Former Insys VP sentenced to 3 years in prison

Jan. 14, 2020

The former vice president of managed markets for Insys Therapeutics, Michael Gurry, was sentenced in federal court in Boston for his role in conspiring to bribe practitioners to prescribe fentanyl-based pain medication, often when medically unnecessary. This is the first federal case meant to hold manufacturers accountable for the opioid crisis.

Gurry was sentenced by U.S. District Court Judge Allison Burroughs to 33 months in prison, three years of supervised release and ordered to pay approximately $3.6 million in forfeiture. The government was seeking a sentence of 11 years in prison. In May 2019, Gurry was convicted by a federal jury of racketeering conspiracy along with four other Insys executives.

Subsys, a drug owned and manufactured by Insys is a powerful, rapid-onset opioid approved to treat cancer patients suffering intense breakthrough pain. From May 2012 to December 2015, Gurry and his co-defendants conspired to bribe practitioners, many of whom operated pain clinics, in order to induce them to prescribe Insys’ fentanyl-based pain medication, Subsys, to patients, often when medically unnecessary.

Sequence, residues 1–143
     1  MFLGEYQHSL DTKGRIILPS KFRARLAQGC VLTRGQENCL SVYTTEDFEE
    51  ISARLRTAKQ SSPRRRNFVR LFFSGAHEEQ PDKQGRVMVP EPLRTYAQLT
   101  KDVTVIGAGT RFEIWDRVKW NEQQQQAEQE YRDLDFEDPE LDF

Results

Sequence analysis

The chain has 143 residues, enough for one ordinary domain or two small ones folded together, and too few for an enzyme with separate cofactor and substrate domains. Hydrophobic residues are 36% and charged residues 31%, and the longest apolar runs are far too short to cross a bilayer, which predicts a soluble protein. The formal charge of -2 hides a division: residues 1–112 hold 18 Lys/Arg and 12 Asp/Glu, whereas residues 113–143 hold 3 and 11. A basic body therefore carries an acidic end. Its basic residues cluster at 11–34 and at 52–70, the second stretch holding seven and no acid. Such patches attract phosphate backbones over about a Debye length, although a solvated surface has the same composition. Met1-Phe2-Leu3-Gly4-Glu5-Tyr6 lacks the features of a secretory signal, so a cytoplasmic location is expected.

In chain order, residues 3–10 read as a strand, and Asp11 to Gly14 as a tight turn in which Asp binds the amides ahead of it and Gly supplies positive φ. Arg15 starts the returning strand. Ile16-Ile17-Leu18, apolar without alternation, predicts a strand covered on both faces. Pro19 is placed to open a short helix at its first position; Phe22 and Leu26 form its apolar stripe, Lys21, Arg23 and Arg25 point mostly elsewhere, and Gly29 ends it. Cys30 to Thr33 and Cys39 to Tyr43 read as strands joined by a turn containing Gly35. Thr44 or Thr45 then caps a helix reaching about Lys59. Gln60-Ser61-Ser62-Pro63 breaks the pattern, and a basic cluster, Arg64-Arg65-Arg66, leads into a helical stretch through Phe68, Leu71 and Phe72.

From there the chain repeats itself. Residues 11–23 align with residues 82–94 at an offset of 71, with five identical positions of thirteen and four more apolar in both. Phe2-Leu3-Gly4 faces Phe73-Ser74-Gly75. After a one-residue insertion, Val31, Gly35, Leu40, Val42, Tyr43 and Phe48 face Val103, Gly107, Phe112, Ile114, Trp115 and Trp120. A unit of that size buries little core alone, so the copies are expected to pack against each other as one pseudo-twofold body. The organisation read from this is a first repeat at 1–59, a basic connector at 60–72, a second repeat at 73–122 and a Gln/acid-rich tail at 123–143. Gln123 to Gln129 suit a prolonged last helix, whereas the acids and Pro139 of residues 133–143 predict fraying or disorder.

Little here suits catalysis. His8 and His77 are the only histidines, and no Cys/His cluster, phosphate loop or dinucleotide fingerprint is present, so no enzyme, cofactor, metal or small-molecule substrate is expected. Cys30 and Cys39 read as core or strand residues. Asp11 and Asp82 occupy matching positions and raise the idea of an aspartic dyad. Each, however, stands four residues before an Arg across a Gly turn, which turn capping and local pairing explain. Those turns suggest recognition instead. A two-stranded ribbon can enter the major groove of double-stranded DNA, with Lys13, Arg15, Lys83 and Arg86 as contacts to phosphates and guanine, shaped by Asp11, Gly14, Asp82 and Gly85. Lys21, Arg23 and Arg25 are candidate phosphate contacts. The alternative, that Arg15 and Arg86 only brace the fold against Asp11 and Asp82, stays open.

Gurry was responsible for creating and overseeing the Insys Reimbursement Center (IRC), which was dedicated to obtaining prior authorization for payment of Subsys prescriptions directly from insurers and pharmacy benefit managers. Beginning in October 2012, Gurry authorized employees of the IRC to lead insurers to believe that they were calling from the office of the prescriber. He also authorized the IRC employees to use a misleading script, known as “the spiel,” to trick insurers into believing that Subsys had been prescribed to the patient to treat breakthrough cancer pain, for which insurers were more likely to authorize payment. Gurry also authorized other tactics that had been found to be more successful in securing payment from insurers. This included citing a diagnosis of “dysphagia” – difficulty swallowing – even when patients were not suffering from the disorder and referencing a history of cancer to mislead insurers.

Read the full release from the US Attorney's Office